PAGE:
……Says Oil, Gas Remain Dominant Amidst Global Push for Cleaner Energy
By Kenechukwu Obiajuru, Yenagoa
Nigerian Content Development and Monitoring Board (NCDMB) has said that it has commenced the deployment of the $50 million it set aside for research and development. Some of the research products were nearing commercialization.
The Board says its mandate of encouraging the participation of Nigerians in oil and gas sector remains more relevant amidst the global push for cleaner energy.
Executive Secretary of the NCDMB, Engr. Mr. Simbi Wabote, dropped the highlights at a capacity building workshop for media stakeholders in Port Harcourt, with the theme, ‘Sustaining Nigerian Content amidst Shifting Energy Landscape: The Role of the Media.’
According to him, the choice of gas as Nigeria’s transition energy source was a patriotic one. He noted that oil and gas would remain a dominant source of energy before the 2060 target date for zero carbon emissions, adding that as international players restrain further investments in oil and gas, local players will have opportunities.
Engr. Wabote, who was represented by NCDMB’s director, research, planning and statistics, Mr. Patrick Obah, noted that the quest for alternative and cleaner energy sources was not new as the clamour had been there from the era of coal.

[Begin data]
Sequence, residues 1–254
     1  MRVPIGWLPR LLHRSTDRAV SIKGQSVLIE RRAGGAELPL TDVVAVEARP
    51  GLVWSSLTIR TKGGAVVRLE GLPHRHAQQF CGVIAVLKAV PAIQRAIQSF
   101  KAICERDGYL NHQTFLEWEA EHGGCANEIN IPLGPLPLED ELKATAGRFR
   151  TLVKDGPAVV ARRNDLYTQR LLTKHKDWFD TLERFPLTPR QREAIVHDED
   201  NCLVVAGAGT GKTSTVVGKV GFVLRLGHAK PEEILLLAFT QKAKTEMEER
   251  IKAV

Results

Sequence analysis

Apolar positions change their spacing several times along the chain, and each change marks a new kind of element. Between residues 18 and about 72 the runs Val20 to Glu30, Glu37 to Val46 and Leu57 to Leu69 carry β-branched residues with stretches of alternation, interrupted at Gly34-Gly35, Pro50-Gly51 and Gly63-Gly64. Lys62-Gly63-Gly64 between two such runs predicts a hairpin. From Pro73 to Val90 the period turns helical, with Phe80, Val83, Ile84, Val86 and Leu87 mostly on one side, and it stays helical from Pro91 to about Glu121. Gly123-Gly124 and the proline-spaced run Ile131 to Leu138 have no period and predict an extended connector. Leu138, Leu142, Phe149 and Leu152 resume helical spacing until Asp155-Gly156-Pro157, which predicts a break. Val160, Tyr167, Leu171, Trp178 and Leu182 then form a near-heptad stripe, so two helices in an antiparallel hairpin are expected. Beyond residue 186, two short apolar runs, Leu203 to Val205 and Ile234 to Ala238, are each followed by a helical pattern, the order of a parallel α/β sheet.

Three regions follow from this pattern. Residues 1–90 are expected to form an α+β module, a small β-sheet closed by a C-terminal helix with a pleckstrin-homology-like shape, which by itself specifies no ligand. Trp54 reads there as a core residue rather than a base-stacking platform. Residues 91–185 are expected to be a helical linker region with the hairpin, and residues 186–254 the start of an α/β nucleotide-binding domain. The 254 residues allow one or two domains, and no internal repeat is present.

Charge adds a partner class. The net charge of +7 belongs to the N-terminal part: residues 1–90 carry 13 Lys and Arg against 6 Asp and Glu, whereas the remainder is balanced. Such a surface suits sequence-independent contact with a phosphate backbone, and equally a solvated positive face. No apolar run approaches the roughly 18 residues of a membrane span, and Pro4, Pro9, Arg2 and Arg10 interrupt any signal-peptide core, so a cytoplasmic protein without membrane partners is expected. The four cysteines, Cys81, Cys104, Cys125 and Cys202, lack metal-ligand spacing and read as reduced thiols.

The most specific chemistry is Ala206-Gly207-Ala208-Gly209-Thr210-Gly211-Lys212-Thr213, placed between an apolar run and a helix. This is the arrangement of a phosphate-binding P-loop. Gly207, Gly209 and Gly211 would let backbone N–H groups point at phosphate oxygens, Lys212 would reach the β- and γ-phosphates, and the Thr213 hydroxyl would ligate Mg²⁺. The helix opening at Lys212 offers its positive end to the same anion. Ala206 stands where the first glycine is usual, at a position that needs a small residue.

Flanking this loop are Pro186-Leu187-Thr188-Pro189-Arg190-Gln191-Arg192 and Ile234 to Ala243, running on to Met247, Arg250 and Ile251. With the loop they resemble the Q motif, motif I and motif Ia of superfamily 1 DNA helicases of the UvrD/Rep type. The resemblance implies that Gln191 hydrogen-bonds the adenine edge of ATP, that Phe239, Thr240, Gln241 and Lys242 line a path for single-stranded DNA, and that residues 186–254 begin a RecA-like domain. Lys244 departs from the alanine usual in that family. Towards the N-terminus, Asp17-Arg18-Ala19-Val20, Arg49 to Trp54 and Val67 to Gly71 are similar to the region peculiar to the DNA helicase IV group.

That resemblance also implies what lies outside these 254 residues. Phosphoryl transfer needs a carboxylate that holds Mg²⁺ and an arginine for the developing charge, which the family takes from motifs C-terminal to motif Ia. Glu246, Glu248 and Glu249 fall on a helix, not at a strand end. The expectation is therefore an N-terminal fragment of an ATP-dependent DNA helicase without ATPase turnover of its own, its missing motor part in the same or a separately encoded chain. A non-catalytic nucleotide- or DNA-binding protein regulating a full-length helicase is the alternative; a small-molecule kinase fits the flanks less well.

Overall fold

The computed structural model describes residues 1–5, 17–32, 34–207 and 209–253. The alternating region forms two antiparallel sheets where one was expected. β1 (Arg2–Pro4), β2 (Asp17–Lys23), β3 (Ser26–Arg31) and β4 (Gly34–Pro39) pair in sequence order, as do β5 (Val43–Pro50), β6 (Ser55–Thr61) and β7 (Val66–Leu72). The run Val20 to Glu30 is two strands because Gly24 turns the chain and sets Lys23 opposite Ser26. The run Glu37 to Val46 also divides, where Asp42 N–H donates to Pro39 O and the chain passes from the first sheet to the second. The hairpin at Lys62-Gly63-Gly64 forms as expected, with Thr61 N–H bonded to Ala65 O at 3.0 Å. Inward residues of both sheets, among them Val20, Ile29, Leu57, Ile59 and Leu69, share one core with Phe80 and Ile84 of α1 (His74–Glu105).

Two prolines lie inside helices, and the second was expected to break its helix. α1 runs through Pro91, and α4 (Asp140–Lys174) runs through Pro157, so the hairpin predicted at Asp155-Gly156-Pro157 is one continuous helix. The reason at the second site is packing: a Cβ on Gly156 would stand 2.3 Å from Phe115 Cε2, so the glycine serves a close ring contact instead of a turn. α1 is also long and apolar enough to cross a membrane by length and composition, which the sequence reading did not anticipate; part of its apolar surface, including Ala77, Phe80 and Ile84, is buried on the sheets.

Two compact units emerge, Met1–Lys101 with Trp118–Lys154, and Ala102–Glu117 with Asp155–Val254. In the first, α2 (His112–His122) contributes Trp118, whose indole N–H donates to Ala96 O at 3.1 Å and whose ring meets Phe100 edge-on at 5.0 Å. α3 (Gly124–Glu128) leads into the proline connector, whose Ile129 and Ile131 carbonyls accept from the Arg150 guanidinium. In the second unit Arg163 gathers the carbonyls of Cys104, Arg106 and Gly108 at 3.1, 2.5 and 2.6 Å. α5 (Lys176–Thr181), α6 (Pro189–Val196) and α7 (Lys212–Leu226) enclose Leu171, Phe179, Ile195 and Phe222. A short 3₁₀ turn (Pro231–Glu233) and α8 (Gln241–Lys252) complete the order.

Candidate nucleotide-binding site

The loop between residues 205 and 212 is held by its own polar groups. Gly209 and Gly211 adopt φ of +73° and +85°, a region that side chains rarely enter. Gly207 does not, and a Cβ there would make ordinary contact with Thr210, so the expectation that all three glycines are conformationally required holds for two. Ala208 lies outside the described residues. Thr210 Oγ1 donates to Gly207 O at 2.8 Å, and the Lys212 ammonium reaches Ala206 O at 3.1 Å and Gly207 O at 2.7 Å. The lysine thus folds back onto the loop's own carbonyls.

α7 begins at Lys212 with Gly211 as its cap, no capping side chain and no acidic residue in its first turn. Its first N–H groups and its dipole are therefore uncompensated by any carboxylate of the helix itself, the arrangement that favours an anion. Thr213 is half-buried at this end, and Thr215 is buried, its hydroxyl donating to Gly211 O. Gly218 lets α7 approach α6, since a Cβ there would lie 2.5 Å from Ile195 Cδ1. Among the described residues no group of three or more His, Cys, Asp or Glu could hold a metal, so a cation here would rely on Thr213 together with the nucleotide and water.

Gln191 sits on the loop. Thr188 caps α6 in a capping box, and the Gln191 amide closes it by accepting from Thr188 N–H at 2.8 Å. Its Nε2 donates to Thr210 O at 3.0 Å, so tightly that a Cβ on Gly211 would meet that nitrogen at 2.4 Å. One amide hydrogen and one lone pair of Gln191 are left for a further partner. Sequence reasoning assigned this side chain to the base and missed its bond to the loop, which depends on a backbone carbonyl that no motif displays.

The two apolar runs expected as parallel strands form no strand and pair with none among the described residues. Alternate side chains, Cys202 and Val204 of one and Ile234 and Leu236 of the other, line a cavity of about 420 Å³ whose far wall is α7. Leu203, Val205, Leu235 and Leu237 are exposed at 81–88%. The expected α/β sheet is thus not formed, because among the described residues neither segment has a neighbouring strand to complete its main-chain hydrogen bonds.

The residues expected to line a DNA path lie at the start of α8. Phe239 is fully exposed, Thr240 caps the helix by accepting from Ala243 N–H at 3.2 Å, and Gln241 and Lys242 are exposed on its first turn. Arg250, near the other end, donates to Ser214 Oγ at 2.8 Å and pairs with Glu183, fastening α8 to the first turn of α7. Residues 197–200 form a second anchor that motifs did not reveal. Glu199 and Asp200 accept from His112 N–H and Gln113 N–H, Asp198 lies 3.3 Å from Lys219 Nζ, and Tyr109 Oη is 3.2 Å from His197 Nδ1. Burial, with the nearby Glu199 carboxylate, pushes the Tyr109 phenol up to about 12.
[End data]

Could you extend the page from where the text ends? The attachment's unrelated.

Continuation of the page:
He stated that despite the obvious advantage of oil to coal, most developed countries still run coal fired, power plants, pointing out that it was in Nigeria’s strategic interests to develop its abundant energy resources, especially gas.
Speaking on research and development as a pathway to promoting Nigerian Content implementation, the NCDMB confirmed further that it was pioneering a new era in promoting market and demand driven research domiciled in Nigeria.
Wabote urged the media to assume the role of whistleblowers as it engages in investigative journalism to spotlight any breach of the Nigerian Content Law.
A resource person, Prof Aniefiok Udoudo, who spoke on Retooling Competencies for the Changing Media Landscape urged journalists to brace up and acquaint themselves with requisite skills for the media convergence. Udoudo, who is head of department of linguistics and communications at University of Port Harcourt, observed that the journalist was an indispensable part of the society on whom everyone depends on for enlightenment.
He said that the responsibility of the journalist was enormous and so must constantly learn to be in a position to inform the world. The academic traced the impact of technology on journalism from the invention of printing till date and noted that over the times advancements in technology has often presented challenges to media practitioners.
In his own presentation, director, Emerald Institute Prof Chijioke Nwaozuzu, University of Port Harcourt, examined the Petroleum Industry Act (PIA), which suffered a 20 year delay in the Nigerian National Assembly, pointing out that the Act’s absence robbed the county of over $50billion worth of investment.
Prof. Nwozuzu observed that the Act was a good starting point and amenable to reviews and amendments adding that no legislation is perfect. According to him, the most important factor was to hope that the legislation would achieve its objective of making the oil and gas deposits to bring economic benefit to Nigerians.